Growing up, I watched a lot of crappy films -- it was partially because I had no critical taste as a kid, and partially because that was what was available to me. And, well, my dad and I would rent every crappy movie out there -- after we saw C. Thomas Howell in Side Out(one of my favorite sports movies), we rented every crappy B movie he was in. It was a terrible, terrible addiction. But we also saw all the blockbusters. I was a kid of the '80s, so I was immersed in what Lewis Beale so perfectly calls: BSW (Before Star Wars). It's hard to imagine a time when blockbusters and box office weren't so important, but Beale does a great job reminiscing about those days over at The Reeler.

He talks of the great films from powerhouses like the recently passed-on Bergman and Antonioni, as well as other greats like Fellini, Godard and Kurosawa -- and the atmosphere that surrounded them. "The release of films... was not only written about with intelligence and passion, but talked about in numerous conversations at the end of screenings when the coffeehouses and bars of every hip neighborhood were filled with excited filmgoers grooving on the art of le cinéma." People used to discuss film? I thought that was only Bernardo Bertolucci's imagination and artistic license in The Dreamers. As Beale states, the new wave has created a different type of moviegoer -- one who craves big effects and has "a hatred of slow-moving, thoughtful, black-and-white films." And as for what that means for now and the future, he says: "There were giants in those days, and an audience that looked up to them for a sort of spiritual guidance. Now they're nearly all dead. And their replacements are nowhere in sight." Ah, say it ain't so!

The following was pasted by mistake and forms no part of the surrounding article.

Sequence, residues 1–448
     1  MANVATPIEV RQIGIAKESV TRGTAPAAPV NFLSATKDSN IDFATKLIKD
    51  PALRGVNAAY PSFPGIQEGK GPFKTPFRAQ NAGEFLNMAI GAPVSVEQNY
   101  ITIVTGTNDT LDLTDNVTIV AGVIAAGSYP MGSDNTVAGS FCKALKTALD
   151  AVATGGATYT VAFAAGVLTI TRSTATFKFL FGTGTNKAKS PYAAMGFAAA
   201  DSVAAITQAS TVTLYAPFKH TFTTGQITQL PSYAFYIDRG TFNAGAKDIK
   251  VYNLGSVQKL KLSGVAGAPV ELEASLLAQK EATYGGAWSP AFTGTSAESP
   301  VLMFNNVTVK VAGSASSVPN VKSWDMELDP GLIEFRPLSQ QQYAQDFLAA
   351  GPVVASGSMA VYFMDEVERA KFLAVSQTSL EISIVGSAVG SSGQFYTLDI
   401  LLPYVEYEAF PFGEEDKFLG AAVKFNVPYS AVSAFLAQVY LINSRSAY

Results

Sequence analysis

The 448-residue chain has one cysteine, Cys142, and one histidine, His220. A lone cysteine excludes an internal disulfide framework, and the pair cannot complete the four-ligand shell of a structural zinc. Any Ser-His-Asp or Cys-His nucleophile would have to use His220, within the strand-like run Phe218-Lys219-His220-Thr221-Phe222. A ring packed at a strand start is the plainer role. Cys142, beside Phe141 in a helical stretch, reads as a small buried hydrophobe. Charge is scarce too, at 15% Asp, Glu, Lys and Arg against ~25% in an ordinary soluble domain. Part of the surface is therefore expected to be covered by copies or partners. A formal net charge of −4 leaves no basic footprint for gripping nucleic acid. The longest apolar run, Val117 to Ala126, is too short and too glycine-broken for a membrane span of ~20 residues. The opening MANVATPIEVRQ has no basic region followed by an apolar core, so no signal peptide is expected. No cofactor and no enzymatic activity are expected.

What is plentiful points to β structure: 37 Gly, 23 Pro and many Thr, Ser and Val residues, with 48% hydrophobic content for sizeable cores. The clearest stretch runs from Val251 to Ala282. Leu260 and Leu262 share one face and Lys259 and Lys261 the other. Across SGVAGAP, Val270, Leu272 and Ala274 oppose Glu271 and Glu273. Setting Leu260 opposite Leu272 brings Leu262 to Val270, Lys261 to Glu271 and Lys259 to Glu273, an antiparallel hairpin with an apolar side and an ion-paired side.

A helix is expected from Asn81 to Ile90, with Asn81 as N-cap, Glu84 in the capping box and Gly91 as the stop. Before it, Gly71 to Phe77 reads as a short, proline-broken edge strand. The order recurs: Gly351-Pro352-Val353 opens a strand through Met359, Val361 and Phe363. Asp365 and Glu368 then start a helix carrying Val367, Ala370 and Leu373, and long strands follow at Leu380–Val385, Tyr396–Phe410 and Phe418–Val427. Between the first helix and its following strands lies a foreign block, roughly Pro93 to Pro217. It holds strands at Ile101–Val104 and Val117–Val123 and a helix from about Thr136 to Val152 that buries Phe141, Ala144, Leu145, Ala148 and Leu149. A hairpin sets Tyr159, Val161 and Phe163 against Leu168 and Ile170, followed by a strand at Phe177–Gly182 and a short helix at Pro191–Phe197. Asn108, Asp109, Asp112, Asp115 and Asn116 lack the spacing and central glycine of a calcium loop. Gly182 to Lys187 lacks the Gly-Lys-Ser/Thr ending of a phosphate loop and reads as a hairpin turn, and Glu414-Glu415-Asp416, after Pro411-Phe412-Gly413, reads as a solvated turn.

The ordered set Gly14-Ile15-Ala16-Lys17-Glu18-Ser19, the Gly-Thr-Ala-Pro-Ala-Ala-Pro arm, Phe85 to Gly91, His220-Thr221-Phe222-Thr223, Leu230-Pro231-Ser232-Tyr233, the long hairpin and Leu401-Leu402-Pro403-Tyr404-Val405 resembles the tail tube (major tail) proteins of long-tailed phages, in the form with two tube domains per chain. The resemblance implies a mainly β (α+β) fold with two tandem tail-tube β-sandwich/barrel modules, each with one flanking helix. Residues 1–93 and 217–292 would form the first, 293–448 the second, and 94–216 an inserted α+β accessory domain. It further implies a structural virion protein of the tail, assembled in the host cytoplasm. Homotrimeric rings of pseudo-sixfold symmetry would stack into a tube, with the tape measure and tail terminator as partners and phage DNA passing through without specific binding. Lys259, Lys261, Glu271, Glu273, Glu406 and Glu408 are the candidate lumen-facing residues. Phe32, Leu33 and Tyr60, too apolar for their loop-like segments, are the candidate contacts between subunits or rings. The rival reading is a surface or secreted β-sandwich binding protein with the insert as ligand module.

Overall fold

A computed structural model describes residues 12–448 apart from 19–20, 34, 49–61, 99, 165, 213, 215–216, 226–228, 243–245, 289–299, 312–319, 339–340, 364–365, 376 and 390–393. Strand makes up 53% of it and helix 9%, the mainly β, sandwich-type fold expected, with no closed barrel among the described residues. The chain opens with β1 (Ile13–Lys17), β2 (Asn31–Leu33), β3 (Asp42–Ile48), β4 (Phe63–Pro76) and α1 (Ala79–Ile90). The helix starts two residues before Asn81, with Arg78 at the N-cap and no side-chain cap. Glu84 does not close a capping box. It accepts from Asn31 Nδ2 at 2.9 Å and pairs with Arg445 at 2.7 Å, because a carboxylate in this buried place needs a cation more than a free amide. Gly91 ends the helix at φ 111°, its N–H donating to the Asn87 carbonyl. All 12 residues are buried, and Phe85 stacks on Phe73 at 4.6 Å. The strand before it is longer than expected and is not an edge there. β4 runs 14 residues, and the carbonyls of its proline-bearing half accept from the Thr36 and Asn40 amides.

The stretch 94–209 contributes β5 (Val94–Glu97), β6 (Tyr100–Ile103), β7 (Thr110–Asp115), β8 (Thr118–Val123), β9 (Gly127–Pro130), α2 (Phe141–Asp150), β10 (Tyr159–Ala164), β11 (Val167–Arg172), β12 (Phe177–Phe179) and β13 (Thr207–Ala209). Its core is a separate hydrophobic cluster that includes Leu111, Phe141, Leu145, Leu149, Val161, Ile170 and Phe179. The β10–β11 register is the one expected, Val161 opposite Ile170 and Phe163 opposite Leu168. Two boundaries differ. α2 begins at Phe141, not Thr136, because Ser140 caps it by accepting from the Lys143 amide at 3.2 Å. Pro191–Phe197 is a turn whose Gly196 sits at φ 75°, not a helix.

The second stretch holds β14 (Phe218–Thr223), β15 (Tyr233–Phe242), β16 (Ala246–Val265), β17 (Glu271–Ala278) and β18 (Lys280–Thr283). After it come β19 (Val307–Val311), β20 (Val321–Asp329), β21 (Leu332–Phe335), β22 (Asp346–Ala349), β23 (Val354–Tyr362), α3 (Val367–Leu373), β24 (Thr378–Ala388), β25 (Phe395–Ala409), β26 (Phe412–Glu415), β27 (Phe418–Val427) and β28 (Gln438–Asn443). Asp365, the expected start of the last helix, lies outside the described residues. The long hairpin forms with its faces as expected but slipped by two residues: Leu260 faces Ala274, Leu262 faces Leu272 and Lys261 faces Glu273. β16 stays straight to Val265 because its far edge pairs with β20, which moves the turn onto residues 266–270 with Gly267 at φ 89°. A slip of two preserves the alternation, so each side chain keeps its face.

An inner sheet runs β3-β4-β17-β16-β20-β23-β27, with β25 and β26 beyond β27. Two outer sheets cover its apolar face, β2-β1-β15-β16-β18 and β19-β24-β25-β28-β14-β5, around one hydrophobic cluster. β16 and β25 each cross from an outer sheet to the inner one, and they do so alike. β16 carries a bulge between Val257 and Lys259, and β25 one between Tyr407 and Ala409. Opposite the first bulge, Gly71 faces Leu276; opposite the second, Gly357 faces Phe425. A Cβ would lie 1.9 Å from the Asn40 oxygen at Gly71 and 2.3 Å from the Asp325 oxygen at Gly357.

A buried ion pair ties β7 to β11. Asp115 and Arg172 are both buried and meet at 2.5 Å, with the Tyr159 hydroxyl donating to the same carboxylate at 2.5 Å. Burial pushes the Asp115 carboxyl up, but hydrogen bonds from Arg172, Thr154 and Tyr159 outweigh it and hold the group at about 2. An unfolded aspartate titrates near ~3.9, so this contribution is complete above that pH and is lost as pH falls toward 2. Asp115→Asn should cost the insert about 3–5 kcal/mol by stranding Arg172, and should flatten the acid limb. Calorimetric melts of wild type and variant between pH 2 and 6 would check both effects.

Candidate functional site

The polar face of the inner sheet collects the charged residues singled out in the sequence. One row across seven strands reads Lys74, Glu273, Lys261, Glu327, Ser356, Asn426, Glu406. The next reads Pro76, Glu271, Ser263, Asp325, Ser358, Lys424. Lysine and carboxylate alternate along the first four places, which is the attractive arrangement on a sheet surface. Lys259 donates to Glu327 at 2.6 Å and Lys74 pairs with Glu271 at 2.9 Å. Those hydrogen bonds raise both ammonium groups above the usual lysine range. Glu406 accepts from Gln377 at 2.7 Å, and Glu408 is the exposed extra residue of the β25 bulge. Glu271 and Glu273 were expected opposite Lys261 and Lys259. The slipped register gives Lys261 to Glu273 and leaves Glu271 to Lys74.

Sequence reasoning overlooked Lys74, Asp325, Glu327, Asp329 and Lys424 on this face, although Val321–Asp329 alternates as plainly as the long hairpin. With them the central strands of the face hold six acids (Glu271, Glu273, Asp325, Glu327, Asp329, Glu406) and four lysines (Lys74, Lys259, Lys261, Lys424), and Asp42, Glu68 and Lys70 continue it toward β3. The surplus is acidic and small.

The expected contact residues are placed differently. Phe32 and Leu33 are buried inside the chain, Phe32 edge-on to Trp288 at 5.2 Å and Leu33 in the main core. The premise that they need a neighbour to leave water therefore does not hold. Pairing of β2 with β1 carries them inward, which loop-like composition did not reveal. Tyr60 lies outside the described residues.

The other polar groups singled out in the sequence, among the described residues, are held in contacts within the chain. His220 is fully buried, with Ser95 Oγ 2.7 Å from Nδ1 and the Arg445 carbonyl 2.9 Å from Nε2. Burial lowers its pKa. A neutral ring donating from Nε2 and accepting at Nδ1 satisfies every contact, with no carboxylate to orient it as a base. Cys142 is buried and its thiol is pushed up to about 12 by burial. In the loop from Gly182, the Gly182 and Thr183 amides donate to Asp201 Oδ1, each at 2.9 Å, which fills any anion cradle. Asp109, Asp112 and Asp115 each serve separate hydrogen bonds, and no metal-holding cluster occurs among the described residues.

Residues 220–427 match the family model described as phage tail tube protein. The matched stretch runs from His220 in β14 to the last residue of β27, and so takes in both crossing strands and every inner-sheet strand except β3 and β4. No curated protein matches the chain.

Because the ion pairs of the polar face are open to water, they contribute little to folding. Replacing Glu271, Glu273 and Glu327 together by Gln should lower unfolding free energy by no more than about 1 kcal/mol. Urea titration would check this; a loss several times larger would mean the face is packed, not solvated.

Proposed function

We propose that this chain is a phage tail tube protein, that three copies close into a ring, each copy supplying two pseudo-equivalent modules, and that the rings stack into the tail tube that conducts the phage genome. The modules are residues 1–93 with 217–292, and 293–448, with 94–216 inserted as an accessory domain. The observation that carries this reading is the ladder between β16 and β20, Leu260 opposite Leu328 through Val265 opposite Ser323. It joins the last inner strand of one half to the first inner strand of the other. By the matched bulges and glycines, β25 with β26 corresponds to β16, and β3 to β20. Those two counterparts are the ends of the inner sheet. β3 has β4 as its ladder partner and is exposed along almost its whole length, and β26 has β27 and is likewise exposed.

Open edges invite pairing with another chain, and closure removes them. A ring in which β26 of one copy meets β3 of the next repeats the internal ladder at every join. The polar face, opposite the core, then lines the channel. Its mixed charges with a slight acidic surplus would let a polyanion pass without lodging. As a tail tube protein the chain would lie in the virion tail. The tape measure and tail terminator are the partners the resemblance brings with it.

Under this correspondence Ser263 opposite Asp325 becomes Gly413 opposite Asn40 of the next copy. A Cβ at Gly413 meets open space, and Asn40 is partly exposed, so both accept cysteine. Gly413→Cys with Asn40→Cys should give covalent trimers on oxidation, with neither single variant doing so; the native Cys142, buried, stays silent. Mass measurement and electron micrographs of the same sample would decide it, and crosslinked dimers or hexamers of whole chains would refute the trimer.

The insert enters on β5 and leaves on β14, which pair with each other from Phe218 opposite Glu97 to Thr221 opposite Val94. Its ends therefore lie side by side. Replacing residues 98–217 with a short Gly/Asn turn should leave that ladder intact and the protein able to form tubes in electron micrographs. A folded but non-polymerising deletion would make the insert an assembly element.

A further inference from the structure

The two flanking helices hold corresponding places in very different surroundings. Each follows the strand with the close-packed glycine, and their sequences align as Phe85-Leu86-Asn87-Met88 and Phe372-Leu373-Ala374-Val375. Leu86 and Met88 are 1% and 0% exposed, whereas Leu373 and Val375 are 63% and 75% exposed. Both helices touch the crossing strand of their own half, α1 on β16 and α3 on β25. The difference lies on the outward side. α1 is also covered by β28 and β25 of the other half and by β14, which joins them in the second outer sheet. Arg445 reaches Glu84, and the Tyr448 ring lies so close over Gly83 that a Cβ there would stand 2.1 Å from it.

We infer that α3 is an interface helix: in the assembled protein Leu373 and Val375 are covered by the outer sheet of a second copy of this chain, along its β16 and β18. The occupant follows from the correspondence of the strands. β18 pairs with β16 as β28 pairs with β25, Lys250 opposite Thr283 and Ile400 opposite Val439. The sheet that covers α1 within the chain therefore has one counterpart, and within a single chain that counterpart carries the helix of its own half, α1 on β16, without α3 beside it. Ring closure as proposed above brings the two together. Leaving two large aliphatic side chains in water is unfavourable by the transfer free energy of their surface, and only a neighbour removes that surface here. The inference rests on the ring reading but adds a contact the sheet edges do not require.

The art of discussion and passion for cinema chatter are definitely hurting, but I like to think that in a world where the geeks are gaining control, there's some space in there to be inspired by film again. We'll overindulge in black coffee and spend hours discussing film, whether it's in IM or at a tiny, wobbling table in some coffee shop. Many old-school masters might be leaving this world, but there's still some art to both critique and squee over -- Guy Maddin, Guillermo del Toro, Julie Taymor and many, many others. What films and filmmakers are you itching to discuss?
categories Movies, Cinematical